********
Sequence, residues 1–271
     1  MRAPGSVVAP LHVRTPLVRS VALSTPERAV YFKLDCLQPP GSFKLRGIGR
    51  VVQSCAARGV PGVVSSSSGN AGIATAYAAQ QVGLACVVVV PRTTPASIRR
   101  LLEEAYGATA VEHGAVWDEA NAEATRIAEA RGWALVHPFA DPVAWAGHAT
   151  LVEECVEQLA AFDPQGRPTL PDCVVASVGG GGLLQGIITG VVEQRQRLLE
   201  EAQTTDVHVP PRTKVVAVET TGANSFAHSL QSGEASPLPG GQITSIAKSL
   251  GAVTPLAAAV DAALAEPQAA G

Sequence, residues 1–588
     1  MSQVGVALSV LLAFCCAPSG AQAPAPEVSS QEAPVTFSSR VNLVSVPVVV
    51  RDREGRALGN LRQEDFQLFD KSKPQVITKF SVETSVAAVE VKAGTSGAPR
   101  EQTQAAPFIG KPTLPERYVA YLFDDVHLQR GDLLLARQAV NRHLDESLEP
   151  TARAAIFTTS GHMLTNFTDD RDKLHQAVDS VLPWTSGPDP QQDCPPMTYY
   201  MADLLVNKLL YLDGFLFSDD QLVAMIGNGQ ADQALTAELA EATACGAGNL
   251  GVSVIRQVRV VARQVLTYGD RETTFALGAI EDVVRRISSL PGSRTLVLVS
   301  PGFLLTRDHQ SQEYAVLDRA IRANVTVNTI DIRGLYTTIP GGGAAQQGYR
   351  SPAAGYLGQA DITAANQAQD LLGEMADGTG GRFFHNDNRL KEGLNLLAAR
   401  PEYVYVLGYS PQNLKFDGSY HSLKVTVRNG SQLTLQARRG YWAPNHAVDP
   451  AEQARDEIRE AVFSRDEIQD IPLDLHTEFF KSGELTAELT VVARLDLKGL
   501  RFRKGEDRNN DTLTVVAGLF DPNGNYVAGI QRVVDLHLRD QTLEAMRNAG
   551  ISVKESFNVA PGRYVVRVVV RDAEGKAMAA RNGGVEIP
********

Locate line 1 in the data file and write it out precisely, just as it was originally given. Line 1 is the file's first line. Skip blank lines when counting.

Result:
Sequence, residues 1–271